Treatment for Selective Mutism
Selective mutism is when a child can’t speak in certain settings, but can speak fine in others. For example, a child may not be able to speak at school, but can speak with no problem at home. It is called selective mutism because the child is only mute in certain situations. It’s a rare childhood condition. It can cause problems with school and social situations. Selective mutism often begins in very young children, around ages 2 to 4. But it may not be noticed until a child starts school.
Types of treatment
Treatment varies based on the needs of your child, and may include:
Stimulus fading. This is done by slowly introducing a new person into the room when your child is relaxed.
Shaping. This is done by encouraging your child’s attempts to communicate with gestures and whispers until he or she speaks out loud.
Self-modeling. This is done by having your child watch video of himself communicating well at home.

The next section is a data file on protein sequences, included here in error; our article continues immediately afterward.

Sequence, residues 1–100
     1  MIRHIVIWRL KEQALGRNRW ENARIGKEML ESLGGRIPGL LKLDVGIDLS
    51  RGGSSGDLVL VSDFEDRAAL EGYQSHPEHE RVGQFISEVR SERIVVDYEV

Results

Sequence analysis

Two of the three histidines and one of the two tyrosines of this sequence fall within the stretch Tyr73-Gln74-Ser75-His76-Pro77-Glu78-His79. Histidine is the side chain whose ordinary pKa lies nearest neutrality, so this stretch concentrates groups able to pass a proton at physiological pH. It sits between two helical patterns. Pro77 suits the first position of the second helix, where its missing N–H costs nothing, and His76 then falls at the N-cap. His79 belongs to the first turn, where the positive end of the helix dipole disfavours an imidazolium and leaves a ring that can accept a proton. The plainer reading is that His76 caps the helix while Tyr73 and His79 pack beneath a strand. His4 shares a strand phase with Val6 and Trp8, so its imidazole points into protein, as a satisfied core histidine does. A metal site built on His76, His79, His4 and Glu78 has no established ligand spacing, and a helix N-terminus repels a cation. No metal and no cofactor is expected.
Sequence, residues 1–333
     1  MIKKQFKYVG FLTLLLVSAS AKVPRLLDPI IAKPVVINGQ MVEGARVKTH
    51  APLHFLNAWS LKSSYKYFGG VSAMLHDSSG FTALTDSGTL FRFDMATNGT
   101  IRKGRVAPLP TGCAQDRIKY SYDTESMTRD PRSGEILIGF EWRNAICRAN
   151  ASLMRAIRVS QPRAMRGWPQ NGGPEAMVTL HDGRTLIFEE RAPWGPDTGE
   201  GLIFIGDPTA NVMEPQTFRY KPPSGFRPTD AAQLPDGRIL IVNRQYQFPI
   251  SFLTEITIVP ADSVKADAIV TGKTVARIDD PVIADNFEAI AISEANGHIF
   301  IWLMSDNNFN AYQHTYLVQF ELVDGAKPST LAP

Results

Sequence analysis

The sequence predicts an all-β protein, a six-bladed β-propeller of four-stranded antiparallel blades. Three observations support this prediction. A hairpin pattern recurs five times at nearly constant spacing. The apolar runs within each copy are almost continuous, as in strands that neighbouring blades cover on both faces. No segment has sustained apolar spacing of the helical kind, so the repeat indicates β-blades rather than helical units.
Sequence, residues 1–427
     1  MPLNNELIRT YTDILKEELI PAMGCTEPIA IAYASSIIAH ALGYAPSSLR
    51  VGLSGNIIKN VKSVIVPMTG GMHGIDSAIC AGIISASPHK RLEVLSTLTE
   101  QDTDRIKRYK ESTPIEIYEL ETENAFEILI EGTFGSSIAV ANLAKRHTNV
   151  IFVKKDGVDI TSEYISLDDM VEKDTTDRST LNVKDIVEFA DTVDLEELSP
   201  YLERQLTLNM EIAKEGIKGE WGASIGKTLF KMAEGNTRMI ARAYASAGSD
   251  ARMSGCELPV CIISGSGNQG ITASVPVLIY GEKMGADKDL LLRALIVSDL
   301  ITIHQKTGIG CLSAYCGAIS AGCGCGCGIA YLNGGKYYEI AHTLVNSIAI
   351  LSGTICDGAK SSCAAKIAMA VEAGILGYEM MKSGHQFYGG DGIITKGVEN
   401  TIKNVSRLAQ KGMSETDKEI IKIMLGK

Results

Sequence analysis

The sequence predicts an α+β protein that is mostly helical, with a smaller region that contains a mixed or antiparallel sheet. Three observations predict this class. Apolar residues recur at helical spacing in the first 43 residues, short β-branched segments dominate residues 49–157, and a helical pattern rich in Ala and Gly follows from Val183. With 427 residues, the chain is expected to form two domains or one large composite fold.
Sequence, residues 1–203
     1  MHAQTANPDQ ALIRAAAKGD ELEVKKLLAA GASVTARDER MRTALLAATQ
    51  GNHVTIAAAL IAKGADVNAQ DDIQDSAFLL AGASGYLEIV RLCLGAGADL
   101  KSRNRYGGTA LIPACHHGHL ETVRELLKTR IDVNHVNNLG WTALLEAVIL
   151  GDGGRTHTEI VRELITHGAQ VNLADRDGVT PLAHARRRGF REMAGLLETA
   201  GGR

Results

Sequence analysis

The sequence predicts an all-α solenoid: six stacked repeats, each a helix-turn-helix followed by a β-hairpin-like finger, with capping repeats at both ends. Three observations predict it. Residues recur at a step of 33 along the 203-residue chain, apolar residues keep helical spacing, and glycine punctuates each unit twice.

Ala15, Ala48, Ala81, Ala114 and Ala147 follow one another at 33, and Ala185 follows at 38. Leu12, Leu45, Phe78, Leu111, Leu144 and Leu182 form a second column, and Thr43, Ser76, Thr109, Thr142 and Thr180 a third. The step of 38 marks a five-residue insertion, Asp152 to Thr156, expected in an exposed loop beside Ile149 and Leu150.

Speech therapy. This can be done for any underlying speech problems, if needed.
Family and behavioral therapy. These can help with emotional issues.
Medicines. Some medicines can be used to lower anxiety.
Speaking with your child’s teachers. Your child’s teachers can help make communication at school less scary. For example, a teacher may have your child only speak in small groups at first, instead of to the whole class.
With treatment, a child is likely to stop having selective mutism. With no treatment, the speaking problems are more likely to continue.
How you can help your child
It’s important to remain patient with your child. Remember that your child is not choosing to not speak. Your child is too anxious to be able to speak. For the best outcome, stay closely involved with your child’s therapy. You may be able to find ways to structure situations outside the home that can increase your child’s communication. Work closely with your child’s teachers.
For more resources, contact the Selective Mutism Group at www.selectivemutism.org. It is a nonprofit group that gives support to families dealing with selective mutism.